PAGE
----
by Rab Bruce’s Spider

so that’s another Tory Prime Minister gone, or at least going. This has resulted in many people calling for a General Election and, while that is understandable, it’s almost certainly not going to happen. Quite apart from the fact that the Tories can’t afford to hold a GE now because they’d certainly lose, the UK system is that voters elect a Party to govern, and each political Party chooses its own leader. Nicola Sturgeon, in particular, seems to have forgotten that she was elected as First Minister without being elected by the public. In fairness, the Scottish system is slightly different to the UK one in that she had to be elected as leader by her Party, then as First Minister by the Parliament, but since the SNP had a majority, that wasn’t much of an issue for her. But let’s not forget that Gordon Brown and Theresa May were also elected as Prime Ministers by their Party, not through a General Election. Every time this happens, opposition Parties demand a General Election and the governing Party refuses because that’s not how the UK system operates. And, in fairness, the current farce is not caused so much by this system as by the chaos within the Tory Party.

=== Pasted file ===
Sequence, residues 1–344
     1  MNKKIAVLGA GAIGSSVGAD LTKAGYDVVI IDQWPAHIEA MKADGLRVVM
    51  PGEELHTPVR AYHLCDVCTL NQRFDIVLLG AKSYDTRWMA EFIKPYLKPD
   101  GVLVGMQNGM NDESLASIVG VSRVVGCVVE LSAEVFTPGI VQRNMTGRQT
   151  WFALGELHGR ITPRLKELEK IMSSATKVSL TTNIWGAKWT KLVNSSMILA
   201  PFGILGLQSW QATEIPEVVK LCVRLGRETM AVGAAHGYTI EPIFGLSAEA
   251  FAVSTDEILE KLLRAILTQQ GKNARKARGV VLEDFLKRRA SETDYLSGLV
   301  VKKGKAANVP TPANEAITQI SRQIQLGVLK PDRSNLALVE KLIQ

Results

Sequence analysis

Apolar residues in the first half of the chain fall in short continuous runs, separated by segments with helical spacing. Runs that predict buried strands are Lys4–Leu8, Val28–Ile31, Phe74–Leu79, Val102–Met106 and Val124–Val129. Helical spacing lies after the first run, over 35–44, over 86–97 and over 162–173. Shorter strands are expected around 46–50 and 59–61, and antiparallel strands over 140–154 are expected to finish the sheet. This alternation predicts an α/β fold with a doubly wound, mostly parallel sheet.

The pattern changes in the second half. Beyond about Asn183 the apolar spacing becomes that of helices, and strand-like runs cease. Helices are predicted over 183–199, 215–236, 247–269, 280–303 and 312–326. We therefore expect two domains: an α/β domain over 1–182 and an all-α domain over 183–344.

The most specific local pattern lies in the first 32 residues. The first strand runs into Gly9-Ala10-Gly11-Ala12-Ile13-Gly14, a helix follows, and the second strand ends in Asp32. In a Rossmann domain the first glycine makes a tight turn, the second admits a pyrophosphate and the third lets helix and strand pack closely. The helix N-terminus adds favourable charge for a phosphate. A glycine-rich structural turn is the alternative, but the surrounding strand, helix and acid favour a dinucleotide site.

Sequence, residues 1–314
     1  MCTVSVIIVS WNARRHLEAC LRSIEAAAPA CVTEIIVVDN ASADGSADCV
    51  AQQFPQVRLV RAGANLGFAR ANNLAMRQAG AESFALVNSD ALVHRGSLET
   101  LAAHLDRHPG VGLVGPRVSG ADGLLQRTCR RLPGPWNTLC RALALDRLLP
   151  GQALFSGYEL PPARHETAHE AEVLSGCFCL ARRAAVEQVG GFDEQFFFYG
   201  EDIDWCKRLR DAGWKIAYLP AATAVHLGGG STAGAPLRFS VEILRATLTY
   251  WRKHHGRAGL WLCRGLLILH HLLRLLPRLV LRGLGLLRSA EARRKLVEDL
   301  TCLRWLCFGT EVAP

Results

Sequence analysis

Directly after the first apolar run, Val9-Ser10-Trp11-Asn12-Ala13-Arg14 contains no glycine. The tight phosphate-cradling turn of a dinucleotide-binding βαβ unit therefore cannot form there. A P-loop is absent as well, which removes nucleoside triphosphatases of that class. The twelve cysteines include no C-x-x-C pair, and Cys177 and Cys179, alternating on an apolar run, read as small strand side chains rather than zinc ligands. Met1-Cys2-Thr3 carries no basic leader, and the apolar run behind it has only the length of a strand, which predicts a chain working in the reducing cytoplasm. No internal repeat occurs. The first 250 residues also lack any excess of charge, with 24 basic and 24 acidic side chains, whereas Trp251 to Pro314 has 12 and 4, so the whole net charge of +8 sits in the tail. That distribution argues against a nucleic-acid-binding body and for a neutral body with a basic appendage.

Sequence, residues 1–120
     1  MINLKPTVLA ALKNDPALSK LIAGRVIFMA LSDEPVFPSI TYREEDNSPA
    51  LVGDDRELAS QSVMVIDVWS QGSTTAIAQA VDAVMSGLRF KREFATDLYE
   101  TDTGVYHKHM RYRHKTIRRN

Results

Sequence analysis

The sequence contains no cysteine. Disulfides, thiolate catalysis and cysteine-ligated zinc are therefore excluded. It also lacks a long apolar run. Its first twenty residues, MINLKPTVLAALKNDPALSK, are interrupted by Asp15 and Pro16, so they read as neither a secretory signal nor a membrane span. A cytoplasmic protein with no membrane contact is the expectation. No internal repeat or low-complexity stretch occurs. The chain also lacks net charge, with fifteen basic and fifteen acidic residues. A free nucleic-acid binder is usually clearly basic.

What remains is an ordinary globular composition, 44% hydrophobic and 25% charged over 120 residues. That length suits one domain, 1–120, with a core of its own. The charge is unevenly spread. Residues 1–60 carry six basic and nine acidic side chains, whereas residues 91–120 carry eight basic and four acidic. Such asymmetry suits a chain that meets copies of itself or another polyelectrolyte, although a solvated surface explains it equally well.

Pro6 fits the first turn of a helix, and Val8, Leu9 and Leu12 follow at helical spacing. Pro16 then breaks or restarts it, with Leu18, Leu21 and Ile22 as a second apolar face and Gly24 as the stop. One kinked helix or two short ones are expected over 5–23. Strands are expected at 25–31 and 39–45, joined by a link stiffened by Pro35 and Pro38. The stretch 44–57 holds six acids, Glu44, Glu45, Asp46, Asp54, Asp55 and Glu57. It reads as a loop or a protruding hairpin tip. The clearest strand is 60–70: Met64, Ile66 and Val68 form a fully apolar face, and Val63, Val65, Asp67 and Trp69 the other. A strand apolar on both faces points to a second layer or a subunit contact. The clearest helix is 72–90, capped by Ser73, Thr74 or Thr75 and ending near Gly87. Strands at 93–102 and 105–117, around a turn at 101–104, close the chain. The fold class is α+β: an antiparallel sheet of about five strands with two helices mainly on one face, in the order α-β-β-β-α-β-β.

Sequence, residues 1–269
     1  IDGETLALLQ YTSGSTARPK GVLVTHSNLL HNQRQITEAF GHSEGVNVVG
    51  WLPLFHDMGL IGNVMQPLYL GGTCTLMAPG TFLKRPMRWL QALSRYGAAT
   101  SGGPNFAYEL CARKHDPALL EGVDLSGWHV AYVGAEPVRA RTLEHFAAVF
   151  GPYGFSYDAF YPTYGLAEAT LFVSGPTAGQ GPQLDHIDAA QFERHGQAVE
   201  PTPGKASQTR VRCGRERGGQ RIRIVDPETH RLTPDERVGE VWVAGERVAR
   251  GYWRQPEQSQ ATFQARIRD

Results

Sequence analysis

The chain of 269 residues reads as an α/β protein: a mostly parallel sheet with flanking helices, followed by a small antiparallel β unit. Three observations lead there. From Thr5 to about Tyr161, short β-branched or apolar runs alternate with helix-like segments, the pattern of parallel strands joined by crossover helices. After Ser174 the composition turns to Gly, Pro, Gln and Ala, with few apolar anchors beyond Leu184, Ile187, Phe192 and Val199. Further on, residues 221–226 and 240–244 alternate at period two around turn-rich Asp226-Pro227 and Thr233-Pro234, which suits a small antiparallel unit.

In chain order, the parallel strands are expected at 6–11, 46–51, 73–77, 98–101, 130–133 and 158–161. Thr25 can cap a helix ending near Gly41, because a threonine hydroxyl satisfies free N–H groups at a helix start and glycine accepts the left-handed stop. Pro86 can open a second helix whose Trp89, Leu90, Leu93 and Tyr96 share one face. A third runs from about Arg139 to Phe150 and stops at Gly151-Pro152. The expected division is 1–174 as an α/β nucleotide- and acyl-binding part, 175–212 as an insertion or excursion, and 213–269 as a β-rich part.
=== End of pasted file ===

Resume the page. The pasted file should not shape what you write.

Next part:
But would it make much difference in any case? Even if there was a General Election and Labour were to win, the UK would still be governed by a Pro-Brexit Party which is vehemently opposed to Scottish independence, and determined not to undo the various right wing policies the Tories have introduced. They might re-impose a ban on fracking, but don’t expect them to do much about the energy crisis, the cost of living crisis or very much else. Sir Keir (Knight of the Realm) Starmer is probably the most right wing leader Labour have ever had, and he only looks moderate in comparison to the fanatics who run the Tory Party.

So I can’t get too excited about Liz Truss resigning. Whoever the Tories inflict on us next probably won’t be any better. They will continue to treat the people of the UK as expendable and exploitable.

As has been the case for many years now, Scotland’s only hope of improving things lies with becoming a normal, self-governing country.